REVIEW Sherwood (S1 E1/6)

Written by James Graham, Sherwood is a new, six-part primetime crime series on BBC One. When the channel announced it, along came with it a stellar ensemble cast – David Morrissey, Alun Armstrong, Lesley Manville, Joanne Froggatt, Perry Fitzpatrick, Adeel Akhtar, Claire Rusbrook, Robert Glenister… the list goes on. It fairly bursts with fantastic character actors from the world of British TV and film.

So already there’s a reason to watch it.

But what you take away from episode one is not just the sheer class of the cast (who are all, predictably and gratifyingly, excellent), but also the strong writing, the structure and the addictive whodunit nature of the plot.

The opening montage splices together real news footage from the violent and destructive miners’ strike of 1984 giving powerful context to this story. Ashfield, a mining town in Nottinghamshire, is a community that doesn’t forget easily. It’s like any other working-class British town, but there’s something that simmers below the surface – during the strike in the mid-1980s, the town was split between those who striked and those who did not, called ‘scabs’. The fault lines and mistrust linger to this day. No more so than with the character, Gary Jackson (Armstrong), a veteran from 1984 who calls people a ‘scab’ whenever he can. It might be near to 40 years past, but – as I mentioned earlier – the fault lines still exist.

Now, this is a murder mystery but the pleasing thing is that Sherwood takes its time to introduce us and for us to get to know the characters. We meet the Jackson family, which includes Julie (Manville) and her estranged sister Cathy, who lives on the same road with her wheezing husband Fred and their son, who’s ‘enjoying’ his last days of freedom before he gets sent down for a crime we still don’t know. The two families don’t get on.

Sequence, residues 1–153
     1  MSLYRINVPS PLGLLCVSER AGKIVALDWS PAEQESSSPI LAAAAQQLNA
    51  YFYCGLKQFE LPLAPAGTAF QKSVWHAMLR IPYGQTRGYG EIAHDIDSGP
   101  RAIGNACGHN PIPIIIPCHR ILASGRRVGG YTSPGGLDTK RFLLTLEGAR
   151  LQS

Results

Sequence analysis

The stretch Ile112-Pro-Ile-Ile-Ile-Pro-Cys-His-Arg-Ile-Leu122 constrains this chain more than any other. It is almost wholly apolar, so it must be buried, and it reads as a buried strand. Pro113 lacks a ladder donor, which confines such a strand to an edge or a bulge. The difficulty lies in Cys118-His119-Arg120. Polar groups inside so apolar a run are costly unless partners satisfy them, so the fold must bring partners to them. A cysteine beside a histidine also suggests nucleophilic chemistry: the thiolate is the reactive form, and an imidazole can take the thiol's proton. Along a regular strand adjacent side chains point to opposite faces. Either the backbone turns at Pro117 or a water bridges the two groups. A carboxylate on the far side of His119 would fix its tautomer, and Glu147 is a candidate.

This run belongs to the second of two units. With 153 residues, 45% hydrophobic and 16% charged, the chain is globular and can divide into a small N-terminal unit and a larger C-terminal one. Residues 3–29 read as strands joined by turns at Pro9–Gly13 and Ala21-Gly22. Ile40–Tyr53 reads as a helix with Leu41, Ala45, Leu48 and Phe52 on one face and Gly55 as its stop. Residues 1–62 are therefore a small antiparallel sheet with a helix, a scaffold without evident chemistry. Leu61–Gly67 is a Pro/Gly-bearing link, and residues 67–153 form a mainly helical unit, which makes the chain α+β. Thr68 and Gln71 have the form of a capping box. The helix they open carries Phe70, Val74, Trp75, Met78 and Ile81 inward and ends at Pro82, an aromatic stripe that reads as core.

We meet the ne’er do well Swallow family, and also the local-copper-made-good Ian St Clair (Morrissey).

It’s just nice to see a drama that takes its time – there’s no murder right at the start, and everything’s fairly linear… it’s proper, rich character drama with some wonderful acting and some wonderful lines (I particularly liked the “there’s somebody at the door” refrain by Julie… one for all you 80s kids out there). However, tragedy, ahem, strikes, the community when Gary is slain on the way back from the local miners’ welfare club thanks to an arrow to the chest (well, it is Nottinghamshire, and the show is called Sherwood, after all). By the time the murder happens (after around 30 minutes), I felt I really knew the characters, which is a rare treat indeed. The Ashfield presented to us here is one of great authenticity and depth – as normal as can be, with knotty relationships and people rubbing up against each other, but also people trying their best to live their lives despite a fractured identity (the miners’ strike really did have that effect on many, many communities in the Midlands and the north of England). There’s warmth, humour and emotion. In fact, Sherwood has a Happy Valley feel to it.

The murder brings St Clair back into contact with the community he left, and it’s a personal case. While looking at Gary’s case file, he finds that much of his arrest file (he was done for arson during the strikes) had been redacted by a Met police officer – DI Kevin Salisbury (Glenister) – who is sent back to Ashfield to help smooth things over.

It’s a tantalising prospect for what’s to come – an emotive social context, a murder mystery and a potential conspiracy.

Part two is tomorrow night, but this was a very strong start.

Paul Hirons

Rating: 4.5 out of 5.

Sherwood is airing on BBC One in the UK, and is available to watch on BBC iPlayer

REVIEW We Own This City (S1 E1/6)

In a parallel universe somewhere, celebrated screenwriter David Simon is making a cosy crime drama series featuring hedgerows, a whodunit, perhaps a vicar or two and an amateur sleuth deep in the English countryside. Thankfully, we don’t deal in multiverses here at The Killing Times, and Simon has – in the here and now – teamed up once again with brilliant crime novelist George Pelecanos to return to his home city of Baltimore to tell a new intense, meaty and engrossing story.

It’s a nice touch that Sky Atlantic – the broadcaster here in the UK – chose to start this series in the same week that Simon’s masterpiece, The Wire (which he created with Ed Burns), celebrated its 20th anniversary.

And you can’t help comparing We Own This City – based on a non-fiction book by Justin Fenton – with The Wire. It’s a natural and honestly necessary thing to do. In my and many others’ eyes, The Wire is the best crime series ever made, and it’s a series is similarly revered by critics and viewers alike. So when you watch this first episode and it scratches that Wire-shaped itch, it’s not only a relief but also exciting because you know that if the rest of the series follows this trajectory it’s going to be another meaty treat.